3. Where agreements with one or more third countries or international organisations need to be negotiated and concluded, Article 218 shall apply, subject to the special provisions of this Article. The Commission shall make recommendations to the Council, which shall authorise it to open the necessary negotiations. The Council and the Commission shall be responsible for ensuring that the agreements negotiated are compatible with internal Union policies and rules.

The Commission shall conduct these negotiations in consultation with a special committee appointed by the Council to assist the Commission in this task and within the framework of such directives as the Council may issue to it. The Commission shall report regularly to the special committee and to the European Parliament on the progress of negotiations."

For the negotiation and conclusion of these trade agreements, the Council of the EU (Council (and which represents the Member States' governments)) acts by a qualified majority.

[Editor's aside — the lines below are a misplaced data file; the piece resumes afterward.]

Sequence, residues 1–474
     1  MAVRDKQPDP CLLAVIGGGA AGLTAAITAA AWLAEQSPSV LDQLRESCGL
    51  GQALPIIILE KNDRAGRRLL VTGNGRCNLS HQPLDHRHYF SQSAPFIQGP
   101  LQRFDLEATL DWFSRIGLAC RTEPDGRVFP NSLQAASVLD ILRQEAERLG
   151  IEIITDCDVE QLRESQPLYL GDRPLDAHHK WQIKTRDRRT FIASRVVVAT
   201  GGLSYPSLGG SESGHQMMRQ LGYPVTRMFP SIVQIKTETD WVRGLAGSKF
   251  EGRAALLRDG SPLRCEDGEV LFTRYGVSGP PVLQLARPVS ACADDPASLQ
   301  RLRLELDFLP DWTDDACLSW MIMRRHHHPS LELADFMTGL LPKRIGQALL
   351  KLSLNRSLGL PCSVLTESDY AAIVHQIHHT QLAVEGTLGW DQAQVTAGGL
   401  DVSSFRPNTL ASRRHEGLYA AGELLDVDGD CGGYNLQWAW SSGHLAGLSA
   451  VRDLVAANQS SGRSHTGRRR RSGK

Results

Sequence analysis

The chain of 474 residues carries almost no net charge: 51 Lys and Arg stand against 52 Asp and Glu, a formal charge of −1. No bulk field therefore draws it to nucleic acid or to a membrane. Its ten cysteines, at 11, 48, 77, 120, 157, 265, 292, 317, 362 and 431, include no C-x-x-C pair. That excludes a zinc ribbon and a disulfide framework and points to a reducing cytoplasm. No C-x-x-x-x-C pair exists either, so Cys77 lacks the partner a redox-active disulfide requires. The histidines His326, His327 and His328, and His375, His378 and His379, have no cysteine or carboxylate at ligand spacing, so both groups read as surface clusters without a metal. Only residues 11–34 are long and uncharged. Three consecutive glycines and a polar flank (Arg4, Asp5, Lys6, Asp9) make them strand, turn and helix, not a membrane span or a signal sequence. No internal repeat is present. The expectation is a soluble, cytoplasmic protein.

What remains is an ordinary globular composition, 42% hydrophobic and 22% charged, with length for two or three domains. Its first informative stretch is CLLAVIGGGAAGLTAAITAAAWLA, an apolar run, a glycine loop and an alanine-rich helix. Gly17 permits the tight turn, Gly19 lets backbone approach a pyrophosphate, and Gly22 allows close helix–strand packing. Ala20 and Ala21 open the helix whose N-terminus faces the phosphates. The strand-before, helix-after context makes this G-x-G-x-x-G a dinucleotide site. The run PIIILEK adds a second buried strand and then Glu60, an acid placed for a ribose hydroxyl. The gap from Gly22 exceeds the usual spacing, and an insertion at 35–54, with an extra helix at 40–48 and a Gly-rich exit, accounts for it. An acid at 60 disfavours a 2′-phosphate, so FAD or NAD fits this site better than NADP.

From 1 November 2014 a new procedure for qualified majority voting began to apply in the Council. Under this procedure, when the Council votes on a proposal by the Commission, a qualified majority is reached if: (i) 55% of Member States vote in favour (essentially 16 out of 28); and (ii) the proposal is supported by Member States representing at least 65% of the total EU population. This procedure is also known as the 'double majority' rule.

For the negotiation and conclusion of agreements in trade in services and the commercial aspects of intellectual property, as well as foreign direct investment, the Council acts unanimously where such agreements include provisions for which unanimity is required for the adoption of internal EU rules. The Council also acts unanimously for the negotiation and conclusion of agreements:

(a) in the field of trade in cultural and audiovisual services, where these agreements risk prejudicing the Union's cultural and linguistic diversity; and

(b) in the field of trade in social, education and health services, where these agreements risk seriously disturbing the national organisation of such services and prejudicing the responsibility of Member States to deliver them.